Confessions Of A Proofreader

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This wonderful feature was originally published on 5 August 2010. It was written by our popular sub-editor and resident grammar Nazi, Dan Grosvenor, and went a bit viral when a grammar website in the US of A picked it up and started pulling it apart. To date it has been read 163,874 times. See the comments at the bottom, and enjoy! 

Warning: I may rant… rather a lot

The manager squinted in my direction.

‘So… what exactly is the problem, sir?’

‘The apostrophe button,’ I repeated, more firmly this time.

‘It’s broken?’ he enquired.

‘It isn’t there.’

He stared intently at the telephone, a baffled expression crawling across his face. After a few moments of careful scrutiny his eyes returned to me, nervously.

‘Just to confirm, sir, when you say apostrophe you mean…?’

I sighed a little and raised my hand.

‘The little flying comma thing, I elaborated, tracing its outline in the air with my index finger. The manager relaxed a little, foolishly thinking we were now on the same wavelength.

‘Ohh, you don’t need to worry about those anymore; this is the new model. Much easier to use. Just click on ‘symbols’ and it brings up a list of all the different faces…’

He’d lost me completely.

‘Faces?’

‘Yeah, you know… ? Emoticons?’

As he said the last word, his thumb and outer fingers balled up while the remaining digits formed those cringe-worthy animated quotation marks, and I wondered if my earlier display had made him think all punctuation had to be acted out for greater emphasis.

He held the phone up to demonstrate. The screen contained a disjointed amalgam of brackets, commas and hyphens which — if you craned your head in the right direction and closed at least one eye — faintly resembled a set of faces.

‘So you see,’ he continued confidently, ‘there’s nothing wrong with it; they’ve just phased out the apostrophe key because the faces now come pre-assembled. You can have animated faces, audio and picture messaging-‘

‘Do you mean to tell me that the only way to type an apostrophe on this phone is to insert a smiley face and then delete its mouth and eyes?’

‘Well,’ answered the man, puzzled as to why I was so insistent about this matter, ‘or nose and mouth. Depends if he’s winking.’

There was a long silence.

‘I’m afraid I need a phone that will let me use apostrophes for more than drawing smiley faces.’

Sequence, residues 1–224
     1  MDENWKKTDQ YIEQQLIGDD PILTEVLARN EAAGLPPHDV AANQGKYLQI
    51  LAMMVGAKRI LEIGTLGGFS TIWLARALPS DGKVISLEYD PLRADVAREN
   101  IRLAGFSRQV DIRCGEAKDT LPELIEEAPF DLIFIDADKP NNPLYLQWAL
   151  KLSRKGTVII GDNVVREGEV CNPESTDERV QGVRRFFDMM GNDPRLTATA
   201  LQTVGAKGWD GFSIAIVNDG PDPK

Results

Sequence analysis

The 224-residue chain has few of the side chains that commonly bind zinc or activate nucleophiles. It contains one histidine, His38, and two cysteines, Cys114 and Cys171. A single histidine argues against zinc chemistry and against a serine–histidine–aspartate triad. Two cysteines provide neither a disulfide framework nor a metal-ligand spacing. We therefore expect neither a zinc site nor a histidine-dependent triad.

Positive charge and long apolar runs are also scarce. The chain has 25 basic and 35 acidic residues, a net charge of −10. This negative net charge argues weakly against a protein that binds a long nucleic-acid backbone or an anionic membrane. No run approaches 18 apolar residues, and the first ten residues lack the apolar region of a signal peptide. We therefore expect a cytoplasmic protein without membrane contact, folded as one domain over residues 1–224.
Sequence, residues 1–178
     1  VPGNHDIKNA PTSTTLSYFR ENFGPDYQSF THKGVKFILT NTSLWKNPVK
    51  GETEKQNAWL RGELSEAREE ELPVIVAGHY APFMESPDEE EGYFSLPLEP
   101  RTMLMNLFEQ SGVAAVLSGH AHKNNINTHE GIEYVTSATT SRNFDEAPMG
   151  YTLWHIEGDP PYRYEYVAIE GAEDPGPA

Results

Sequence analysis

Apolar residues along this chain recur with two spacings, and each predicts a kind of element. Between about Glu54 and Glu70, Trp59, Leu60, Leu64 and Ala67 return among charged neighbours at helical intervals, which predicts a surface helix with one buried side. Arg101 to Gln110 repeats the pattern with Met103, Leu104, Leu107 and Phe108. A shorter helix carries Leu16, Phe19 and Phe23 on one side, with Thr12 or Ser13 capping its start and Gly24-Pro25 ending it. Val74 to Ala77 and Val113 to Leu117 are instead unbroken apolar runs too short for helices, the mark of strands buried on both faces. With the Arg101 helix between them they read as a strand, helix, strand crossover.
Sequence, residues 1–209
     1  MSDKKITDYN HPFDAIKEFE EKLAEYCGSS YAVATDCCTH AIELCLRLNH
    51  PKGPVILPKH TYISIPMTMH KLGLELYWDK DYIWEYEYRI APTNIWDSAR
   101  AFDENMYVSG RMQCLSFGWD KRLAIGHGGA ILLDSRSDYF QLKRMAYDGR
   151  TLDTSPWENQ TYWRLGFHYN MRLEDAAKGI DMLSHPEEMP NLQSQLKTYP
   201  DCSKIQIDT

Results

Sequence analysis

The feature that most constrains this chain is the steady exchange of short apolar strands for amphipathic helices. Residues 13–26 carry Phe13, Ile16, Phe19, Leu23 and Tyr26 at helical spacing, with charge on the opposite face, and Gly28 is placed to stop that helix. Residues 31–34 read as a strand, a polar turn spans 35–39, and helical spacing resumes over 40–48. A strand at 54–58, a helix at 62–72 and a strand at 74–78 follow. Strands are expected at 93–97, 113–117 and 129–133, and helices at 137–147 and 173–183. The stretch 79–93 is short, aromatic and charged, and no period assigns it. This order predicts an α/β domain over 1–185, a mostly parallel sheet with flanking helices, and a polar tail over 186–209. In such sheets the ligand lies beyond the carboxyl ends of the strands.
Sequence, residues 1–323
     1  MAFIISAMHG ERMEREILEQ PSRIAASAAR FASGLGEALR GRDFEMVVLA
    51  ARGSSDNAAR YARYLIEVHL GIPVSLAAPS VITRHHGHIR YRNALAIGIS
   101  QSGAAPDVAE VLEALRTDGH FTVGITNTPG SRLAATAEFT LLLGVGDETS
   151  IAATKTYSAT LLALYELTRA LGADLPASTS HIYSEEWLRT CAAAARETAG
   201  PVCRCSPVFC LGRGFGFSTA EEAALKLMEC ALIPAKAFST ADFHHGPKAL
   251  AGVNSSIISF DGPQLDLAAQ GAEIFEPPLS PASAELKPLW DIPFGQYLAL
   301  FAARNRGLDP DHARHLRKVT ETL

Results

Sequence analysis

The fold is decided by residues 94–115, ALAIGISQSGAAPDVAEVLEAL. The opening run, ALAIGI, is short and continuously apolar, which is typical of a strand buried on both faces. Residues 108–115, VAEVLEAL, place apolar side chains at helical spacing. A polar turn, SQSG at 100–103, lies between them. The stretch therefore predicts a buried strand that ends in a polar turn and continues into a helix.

‘But…’

I gritted my teeth and dreaded the words I somehow knew were coming.

‘…why else would you need one?’

*So this is me: emissary of the downtrodden apostrophe; Grammar Nazi; pedantic prick. I’m that guy who holds you up in the queue because he feels the need to tell the checkout girl that, technically, the sign on the express lane should read ‘Ten items or fewer’. The precocious little sod who berates you for saying ‘could of’ instead of ‘could have’ or who just can’t keep it to himself when he spots a lowercase ‘i’ or a hyphen where there should clearly be a dash. My ideal job would involve travelling across continents with a red marker pen, thwarting linguistic injustice wherever it lurks, be it billboard or subtitle. I place linguistic ability above every other quality I look for in my companions, and could not even consider dating a girl who doesn’t read or can’t spell properly. And while it may seem so, it is never a masochistic decision to become hated by those around me; it’s a compulsion that has gripped me since the day I learnt to read, and has showed no sign of relinquishing its grasp ever since.

Let me tell you how it started.

Even as a child I was a deep thinker, and took to language at a young age. I can’t remember exactly when the affliction developed, but a safe assumption would be that it wasn’t long after I learnt to distinguish between letters and food.

One of my earliest memories is being eight years old and seeing a sign in our leisure centre which read:

THE MANAGEMENT CANNOT EXCEPT RESPONSIBILITY FOR LOST OR DAMAGED PROPERTY

It was a large sign with bold lettering, hung above a set of wide double doors. For some reason it caught my eye, and I soon found myself more interested in the text than the play equipment. I was barely tall enough to see it, and remember craning my neck back and staring at it intently. The words stared back. A strange feeling crept over me, and I couldn’t help but feel something was amiss.

I read it several times and each time it puzzled me. I wondered why management could not except responsibility for lost items. Presumably that meant that all lost and damaged property was the responsibility of the management, with no exceptions? They must have been quite a generous company not only to abide by that methodology, but to advertise it. Surely, I thought, a more common approach would be not to accept responsibility for such incidents? I pointed this conundrum out to my playmates but for some reason they were uninterested. I briefly toyed with the thought that the people in charge had made a mistake, but soon cast the thought aside as it seemed illogical: after all, I reasoned, this was a sign hung high for the sole purpose of being seen by everyone in the leisure centre, of course someone would have checked the wording. After all, how could I — a barely educated eight year old — possibly notice something the (presumably adult) makers of this gigantic sign failed to spot? It didn’t seem plausible. I had to be wrong. When I got home I explained this enigma to my mother, who nonchalantly replied, ‘You’re right; it should be ‘accept’. This opened my eyes to a world of human error, and I have been unable to shut them since.

As my knowledge of the English language grew, so did my ability to annoy people who couldn’t speak it as well. I would regularly scold my peers for using words like ‘sumfink’, for pronouncing their L’s as W’s and, of course, for the cardinal sin of uttering a double negative. At times I was reprimanded: I refused to join in a school assembly on the grounds that one of the songs had ‘ain’t’ in the title, and was caught several times correcting the spelling of the graffiti on the school gate. But I was never once dissuaded from my vocation. If anything, the more discouragement I was given, the more it drove me to seek out and rectify the horde of mistakes slaughtering our language.

By the time I reached high school, I realised my knack for spotting words that were out of place was not a common pastime, and sharing my interest with others yielded some undesirable results. I would pipe up and correct teachers who made mistakes on the blackboard, hoping to impress them, and find myself in detention (which I enjoyed as it involved writing lines: something I saw as an opportunity to improve my handwriting and impress the teachers further).